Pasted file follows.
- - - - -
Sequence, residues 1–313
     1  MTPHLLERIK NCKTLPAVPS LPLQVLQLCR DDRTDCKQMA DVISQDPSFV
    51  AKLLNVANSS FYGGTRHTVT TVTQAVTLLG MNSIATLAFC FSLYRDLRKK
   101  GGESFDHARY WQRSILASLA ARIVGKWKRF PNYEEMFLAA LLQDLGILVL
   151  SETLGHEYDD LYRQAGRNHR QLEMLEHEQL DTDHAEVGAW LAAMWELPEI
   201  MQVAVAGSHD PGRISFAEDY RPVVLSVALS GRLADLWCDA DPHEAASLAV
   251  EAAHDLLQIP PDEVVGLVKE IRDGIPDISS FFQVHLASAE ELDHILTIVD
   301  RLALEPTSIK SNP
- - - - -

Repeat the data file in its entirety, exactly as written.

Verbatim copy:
Sequence, residues 1–313
     1  MTPHLLERIK NCKTLPAVPS LPLQVLQLCR DDRTDCKQMA DVISQDPSFV
    51  AKLLNVANSS FYGGTRHTVT TVTQAVTLLG MNSIATLAFC FSLYRDLRKK
   101  GGESFDHARY WQRSILASLA ARIVGKWKRF PNYEEMFLAA LLQDLGILVL
   151  SETLGHEYDD LYRQAGRNHR QLEMLEHEQL DTDHAEVGAW LAAMWELPEI
   201  MQVAVAGSHD PGRISFAEDY RPVVLSVALS GRLADLWCDA DPHEAASLAV
   251  EAAHDLLQIP PDEVVGLVKE IRDGIPDISS FFQVHLASAE ELDHILTIVD
   301  RLALEPTSIK SNP